April 27, 2012 — By a whisker, mortgage interest rates eased to new record low levels this week, as neither the economy nor the Federal Reserve gave any indication that there is a reason for them to rise at the moment. The economic climate has turned considerably more mixed over the last two months, with rather more signs of deceleration than acceleration. It may be only a pause, but it is possible that modest growth may be all we can expect for a while to come yet. To be fair, the new record for rates is just a single basis point lower than the old, and there was little move at all this week.
As they have been, rock-bottom mortgage rates continue to do what they can to support the housing industry and improve household finances, but there are limits to how much support they can provide.
HSH.com’s broad-market mortgage tracker — our weekly Fixed-Rate Mortgage Indicator (FRMI) — found that the overall average rate for 30-year fixed-rate mortgages eased by two basis points (0.02%) for the week, and at 4.17%, now stands just a single tick below its record low. The FRMI’s 15-year companion shed three basis points (.03%), also moving just below former record lows. Important to homebuyers and low-equity-stake refinancers, already-low FHA-backed 30-year mortgages dropped by another lone basis point to 3.80%, a fresh low-water mark, while the overall average for 5/1 Hybrid ARMs lost two hundredth of a percentage point, landing at an average 2.97% for the survey period, its lowest level ever.
See this week’s Statistical Release and Trend Graphs.
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The Federal Reserve Open Market Committee met this week to discuss the economy and decide whether any present policies should be changed. No changes were expected, and none came; the only new light shed as a result of the meeting is that at least two more Fed Governors moved up their forecasts of when the first changes to the Federal Funds rate will occur. Formerly, there were two outliers who believed that 2016 might bring the first such move, but they seem to have now shifted into the 2015 camp, and others slid from the 2015 to the 2014 group. Since the Fed has stated on more than one occasion that it expects to keep rates low well into 2014, this came as only a mild surprise at best.
The Fed’s Operation Twist comes to a close in just about nine weeks’ time, but there was nothing in the statement which closed the meeting (nor in Fed Chairman Bernanke’s subsequent press conference) to indicate that the program would be replaced, allowed to expire or extended, but only that the Fed stands ready to change policy if needed and as suggested by incoming data. As the warm start to 2012 has faded somewhat, that suggestion has moved from “less is needed” earlier this year to now somewhat more is warranted. Although the Fed will not tip its hand anytime soon, we more fully explore the Fed’s choices in the latest two-month forecast.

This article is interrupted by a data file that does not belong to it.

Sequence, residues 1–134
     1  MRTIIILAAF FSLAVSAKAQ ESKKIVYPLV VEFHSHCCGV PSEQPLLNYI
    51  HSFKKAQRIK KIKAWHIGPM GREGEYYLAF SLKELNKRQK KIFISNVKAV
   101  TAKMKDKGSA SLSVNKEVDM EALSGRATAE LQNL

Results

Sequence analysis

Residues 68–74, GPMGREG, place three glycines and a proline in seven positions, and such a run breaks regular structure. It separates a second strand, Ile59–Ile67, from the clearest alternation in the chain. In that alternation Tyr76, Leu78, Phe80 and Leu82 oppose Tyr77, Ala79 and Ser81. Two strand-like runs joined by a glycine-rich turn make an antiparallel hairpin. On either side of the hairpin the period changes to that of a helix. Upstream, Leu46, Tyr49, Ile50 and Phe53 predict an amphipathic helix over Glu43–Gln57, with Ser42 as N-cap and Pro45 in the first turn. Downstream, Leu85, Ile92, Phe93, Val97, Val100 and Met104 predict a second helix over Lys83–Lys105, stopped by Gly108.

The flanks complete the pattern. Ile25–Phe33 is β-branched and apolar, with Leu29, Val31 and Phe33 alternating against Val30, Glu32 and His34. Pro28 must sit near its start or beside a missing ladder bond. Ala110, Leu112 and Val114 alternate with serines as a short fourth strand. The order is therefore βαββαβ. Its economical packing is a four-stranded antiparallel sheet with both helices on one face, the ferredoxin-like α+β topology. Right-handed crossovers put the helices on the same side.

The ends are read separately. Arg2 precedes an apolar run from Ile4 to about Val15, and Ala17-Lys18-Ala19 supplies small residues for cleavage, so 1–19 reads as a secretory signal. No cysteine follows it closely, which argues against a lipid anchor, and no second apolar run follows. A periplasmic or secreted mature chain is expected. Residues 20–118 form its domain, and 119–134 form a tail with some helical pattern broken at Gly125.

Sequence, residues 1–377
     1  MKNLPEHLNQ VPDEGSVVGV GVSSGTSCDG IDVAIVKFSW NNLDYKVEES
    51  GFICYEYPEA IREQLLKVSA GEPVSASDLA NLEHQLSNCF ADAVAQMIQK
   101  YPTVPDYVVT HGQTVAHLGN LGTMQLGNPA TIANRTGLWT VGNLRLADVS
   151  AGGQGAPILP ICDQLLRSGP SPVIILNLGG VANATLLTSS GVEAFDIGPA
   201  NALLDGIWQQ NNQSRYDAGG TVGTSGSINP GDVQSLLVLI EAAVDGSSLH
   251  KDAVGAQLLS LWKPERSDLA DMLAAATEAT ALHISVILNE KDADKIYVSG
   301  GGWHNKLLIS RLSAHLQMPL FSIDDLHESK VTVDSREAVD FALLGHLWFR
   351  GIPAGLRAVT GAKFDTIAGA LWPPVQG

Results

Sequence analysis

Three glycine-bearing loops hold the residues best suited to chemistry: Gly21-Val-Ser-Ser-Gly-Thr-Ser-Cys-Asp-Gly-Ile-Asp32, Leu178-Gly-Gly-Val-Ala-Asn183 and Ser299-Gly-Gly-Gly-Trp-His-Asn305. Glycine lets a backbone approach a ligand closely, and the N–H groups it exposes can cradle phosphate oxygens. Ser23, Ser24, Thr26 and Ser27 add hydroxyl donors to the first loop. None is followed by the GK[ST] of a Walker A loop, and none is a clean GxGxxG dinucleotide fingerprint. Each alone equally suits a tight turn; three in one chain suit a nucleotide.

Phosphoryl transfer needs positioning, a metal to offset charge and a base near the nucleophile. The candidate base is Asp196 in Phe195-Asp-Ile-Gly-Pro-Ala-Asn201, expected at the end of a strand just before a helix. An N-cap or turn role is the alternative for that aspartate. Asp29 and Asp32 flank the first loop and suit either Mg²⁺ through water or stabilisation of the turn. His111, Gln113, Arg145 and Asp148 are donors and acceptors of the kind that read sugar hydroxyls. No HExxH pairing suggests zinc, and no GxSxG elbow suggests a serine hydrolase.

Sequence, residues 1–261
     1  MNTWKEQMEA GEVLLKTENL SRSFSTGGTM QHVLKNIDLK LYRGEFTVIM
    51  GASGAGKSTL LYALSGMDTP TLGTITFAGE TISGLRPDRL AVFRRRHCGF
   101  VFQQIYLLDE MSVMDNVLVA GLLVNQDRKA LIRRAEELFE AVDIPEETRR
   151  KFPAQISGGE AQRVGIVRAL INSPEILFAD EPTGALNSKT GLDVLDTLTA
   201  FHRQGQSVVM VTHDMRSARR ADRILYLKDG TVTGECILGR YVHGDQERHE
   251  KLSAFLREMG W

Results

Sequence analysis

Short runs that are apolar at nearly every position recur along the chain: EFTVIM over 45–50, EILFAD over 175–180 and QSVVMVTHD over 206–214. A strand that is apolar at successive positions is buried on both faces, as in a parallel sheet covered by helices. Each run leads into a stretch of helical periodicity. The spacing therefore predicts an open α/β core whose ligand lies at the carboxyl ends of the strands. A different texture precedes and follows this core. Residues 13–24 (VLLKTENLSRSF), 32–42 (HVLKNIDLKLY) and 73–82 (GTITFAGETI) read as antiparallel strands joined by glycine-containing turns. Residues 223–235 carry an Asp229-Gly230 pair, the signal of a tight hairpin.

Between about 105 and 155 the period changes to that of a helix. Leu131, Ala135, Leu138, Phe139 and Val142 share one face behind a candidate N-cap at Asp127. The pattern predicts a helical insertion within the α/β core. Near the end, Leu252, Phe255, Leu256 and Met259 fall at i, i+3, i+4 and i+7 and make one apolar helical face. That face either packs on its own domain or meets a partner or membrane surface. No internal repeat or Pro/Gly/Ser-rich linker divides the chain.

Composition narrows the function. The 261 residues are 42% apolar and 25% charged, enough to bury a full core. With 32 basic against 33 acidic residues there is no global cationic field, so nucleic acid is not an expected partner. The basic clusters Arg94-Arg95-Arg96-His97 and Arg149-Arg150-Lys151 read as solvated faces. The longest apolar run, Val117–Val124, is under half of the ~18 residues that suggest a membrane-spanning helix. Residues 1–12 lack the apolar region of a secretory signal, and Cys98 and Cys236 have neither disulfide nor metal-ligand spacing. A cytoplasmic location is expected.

We know that sales of homes have been better this year than last. That said, they are still rather weak, and of late, have begun to soften up a little bit. This change may or may not be due to the unusually warm winter moving some purchases up to January and February, but there was some slowing seen in March. Sales of new homes finished the month at an annualized pace of 328,000, down from an upwardly-revised 353,000 in February. With the dip this month, we have settled back to about January levels, but the actual number of units built and ready for sale continued its steady decline. At 144,000 homes, it is the lowest level since records were kept, and represents a 5.3 month supply, a little tighter than what is considered normal.
HSH has several lengthy series of statistics dating back to the 1980s for FRMs and ARMs, Conforming, Jumbo and FHA products. These can be licensed for use — interested parties should inquire here.
Those tight supplies means that as demand returns new construction must occur to meet that need. This is a good thing, but there remains an open question as to when strong and recurring demand will come, given the soft state of the economy. According to the initial report on Gross Domestic Product, the economy grew at just a 2.2% rate in the first quarter of 2012, down from a 3% rate in the last quarter of 2011. While there’s nothing wrong with a 2.2% rate for GDP, it is insufficient to drive down unemployment and foster the kind of environment where people want or need to purchase homes. Mortgage rates may be great, and affordability may be outstanding, but there are finite number of potential homebuyers in this rather still-tentative recovery.